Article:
Following the signing of Michigan’s SAVE Act legislation to support automated vehicle testing and deployment in the state, General Motors (GM) has announced that it will immediately begin testing autonomous vehicles on public roads.
As well as the start of its public testing program, GM also announced that it will produce the next generation of its autonomous test vehicles at its Orion Township assembly plant, beginning in early 2017. Testing is already underway on GM’s Technical Center campus in Warren, Michigan (below), and with the passage of the SAVE Act legislation the company will now expand the testing program to public roads on the facility’s outskirts. Within the next few months, testing will further expand to the metropolitan Detroit area, which will become GM’s main location for development of autonomous technology in winter climates.
Last week, Michigan Governor Rick Snyder, passed into law State Bills 995, 996, 997, and 998, which collectively form the SAVE Act legislation. The new laws allow the testing and general operation of vehicles without steering wheels, pedals, or needed human control. The Act has several clear distinctions from other state laws, which Michigan hopes will give it an advantage over other regions, such as California, Nevada and Florida, in the advance of driverless car development.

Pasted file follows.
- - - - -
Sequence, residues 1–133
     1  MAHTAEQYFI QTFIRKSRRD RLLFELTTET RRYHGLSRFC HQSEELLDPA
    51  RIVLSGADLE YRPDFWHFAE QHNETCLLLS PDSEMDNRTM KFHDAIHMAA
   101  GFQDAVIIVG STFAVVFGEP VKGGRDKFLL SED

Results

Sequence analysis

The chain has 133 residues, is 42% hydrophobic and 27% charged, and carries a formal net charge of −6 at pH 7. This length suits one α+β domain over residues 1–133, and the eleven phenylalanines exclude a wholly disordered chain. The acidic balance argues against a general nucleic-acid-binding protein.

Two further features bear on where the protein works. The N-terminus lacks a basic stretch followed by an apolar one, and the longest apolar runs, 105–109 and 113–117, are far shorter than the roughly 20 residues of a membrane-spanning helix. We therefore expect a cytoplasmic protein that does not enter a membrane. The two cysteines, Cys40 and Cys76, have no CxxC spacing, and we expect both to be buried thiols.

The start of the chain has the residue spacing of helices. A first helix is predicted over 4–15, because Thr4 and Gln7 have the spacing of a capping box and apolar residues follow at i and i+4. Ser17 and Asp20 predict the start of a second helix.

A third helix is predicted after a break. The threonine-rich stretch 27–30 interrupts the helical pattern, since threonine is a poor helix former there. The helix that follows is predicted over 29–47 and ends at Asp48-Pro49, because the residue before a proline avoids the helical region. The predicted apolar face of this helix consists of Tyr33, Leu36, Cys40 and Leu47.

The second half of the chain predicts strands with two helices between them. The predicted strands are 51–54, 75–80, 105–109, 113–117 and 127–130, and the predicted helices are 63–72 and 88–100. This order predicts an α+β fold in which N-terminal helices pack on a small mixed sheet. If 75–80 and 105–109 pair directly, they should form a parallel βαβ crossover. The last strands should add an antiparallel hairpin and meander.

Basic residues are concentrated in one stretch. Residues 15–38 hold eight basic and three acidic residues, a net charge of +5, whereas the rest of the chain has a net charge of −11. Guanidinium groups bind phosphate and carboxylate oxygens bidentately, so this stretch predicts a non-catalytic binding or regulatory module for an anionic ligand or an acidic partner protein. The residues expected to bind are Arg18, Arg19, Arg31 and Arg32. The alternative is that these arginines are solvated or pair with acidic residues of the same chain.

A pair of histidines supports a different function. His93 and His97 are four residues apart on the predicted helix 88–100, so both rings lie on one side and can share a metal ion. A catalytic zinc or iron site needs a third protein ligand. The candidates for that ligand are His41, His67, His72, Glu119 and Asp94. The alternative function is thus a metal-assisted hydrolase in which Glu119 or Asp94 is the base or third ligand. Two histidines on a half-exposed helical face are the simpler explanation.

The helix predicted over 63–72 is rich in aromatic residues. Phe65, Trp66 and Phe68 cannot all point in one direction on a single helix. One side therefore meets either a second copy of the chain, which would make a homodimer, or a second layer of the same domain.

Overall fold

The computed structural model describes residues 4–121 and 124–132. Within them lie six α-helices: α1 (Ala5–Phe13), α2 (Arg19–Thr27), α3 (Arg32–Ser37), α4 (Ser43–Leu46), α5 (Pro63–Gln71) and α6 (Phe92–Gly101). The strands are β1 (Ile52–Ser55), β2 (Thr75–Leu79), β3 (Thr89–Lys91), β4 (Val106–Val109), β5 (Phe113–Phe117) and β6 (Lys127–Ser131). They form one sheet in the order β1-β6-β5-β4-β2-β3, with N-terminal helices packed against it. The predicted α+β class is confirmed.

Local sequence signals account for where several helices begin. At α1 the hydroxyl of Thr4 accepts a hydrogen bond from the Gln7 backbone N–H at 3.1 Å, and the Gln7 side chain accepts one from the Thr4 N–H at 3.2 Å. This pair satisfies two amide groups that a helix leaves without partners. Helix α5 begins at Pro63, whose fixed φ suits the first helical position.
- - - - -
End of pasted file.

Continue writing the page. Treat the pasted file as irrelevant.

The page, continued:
Workers at the Orion Township assembly plant will build GM’s test fleet of Chevrolet Bolt electric vehicles (EVs) equipped with fully autonomous technology, including lidar, cameras, sensors, and other hardware designed to ensure system safety. The plant currently manufactures the Bolt EV and gasoline-powered Sonic. The test fleet vehicles will be used by GM engineers for continued testing and validation of the company’s autonomous technology that is already underway on public roads in San Francisco, California, and Scottsdale, Arizona, as well as part of the Michigan testing fleet.
Since the beginning of 2016, GM has taken significant steps in its development of autonomous vehicle technology. In January, the company announced the formation of a dedicated autonomous vehicle engineering team and a US$500m investment in rideshare company Lyft to develop an integrated network of on-demand autonomous vehicles in the USA. In March, the company announced the acquisition of Cruise Automation to provide deep software talent and rapid development expertise to help speed development. In June, GM began testing autonomous Chevrolet Bolt EVs on the public roads in San Francisco and Scottsdale. The company has more than 40 autonomous vehicles testing in the two cities.
“Revolutionizing transportation for our customers, while improving safety on roads, is the goal of our autonomous vehicle technology, and today’s announcement gets us one step closer to making this vision a reality,” said GM’s chairman and CEO, Mary Barra. “Our autonomous technology will be reliable and safe, as customers have come to expect from any of our vehicles.”